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Interdisciplinary Journal of Teaching and Learning Volume 4, Number 3 Fall 2014 150
Preservice Teachers Perceptions About Teaching Mathematics Through Music
Song A. An Daniel Tillman
Andrea Shaheen Rachel Boren
The University of Texas at El Paso
This study examined preservice teachers perceptions about teaching elementary level mathematics lessons integrated with music. It also sought to determine how preservice teachers would strategize the integration of music activities when introducing elementary level mathematics lessons. The participants, 53 under-graduate preservice teachers at a large public university in a southern metropolitan area, were provided a series of six 40-minute interactive music-math integrated activities. Results of qualitative data analyses revealed that the majority of preservice teachers provided positive feedback about music-integrated pedagogy for teaching mathematics because it allowed them opportunities to escape from the limitations of traditional mathematics instruction. Keywords: music-mathematics interdisciplinary curriculum, interdisciplinary mathematics instruction, preservice teachers perceptions, pedagogical content knowledge.
Mathematics is a subject content area that can be easily integrated with other subject content areas. However, one of the drawbacks to this notion is that students think school disciplines are independent to each other and that school education is irrelevant to real life (Cumming, 1994). An instructional strategy that can be used to change students outlook on education is the integrated curriculum, which is an approach that offers students the opportunity to understand and apply school subjects through multiple approaches (Fiske, 1999).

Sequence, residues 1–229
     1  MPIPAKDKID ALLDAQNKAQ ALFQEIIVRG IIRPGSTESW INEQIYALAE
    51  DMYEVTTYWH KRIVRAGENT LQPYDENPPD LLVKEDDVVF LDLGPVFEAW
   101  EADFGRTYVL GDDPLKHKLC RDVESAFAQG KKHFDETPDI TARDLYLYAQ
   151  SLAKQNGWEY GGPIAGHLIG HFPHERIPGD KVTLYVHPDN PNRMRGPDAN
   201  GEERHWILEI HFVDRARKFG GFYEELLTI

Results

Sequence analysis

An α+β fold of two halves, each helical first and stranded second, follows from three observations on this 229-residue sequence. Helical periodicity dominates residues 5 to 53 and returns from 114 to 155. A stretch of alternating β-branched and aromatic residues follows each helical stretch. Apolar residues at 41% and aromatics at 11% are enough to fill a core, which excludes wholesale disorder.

Interdisciplinary instruction enhances students holistic thinking skills by developing knowledge through interdisciplinary connections (Hargreaves, Earl, Moore, & Manning, 2002); facilitating their creativity through the opportunities to fulfill situated, socially-constructed, and culturally intervening experiences (Marshall, 2005); and providing learning experiences that can intellectually and emotionally motivate their understanding of academic concepts from multiple perspectives, as well as transfer of learning (Chrysostomou, 2004). Teachers can also benefit from integrated instruction. Such instruction can provide teachers with opportunities to address important issues that may be difficult to investigate in individual subjects and it can lead to a broader view of the curriculum thereby reducing redundancy of content (Carrier, Wiebe, Gray, & Teachout, 2011).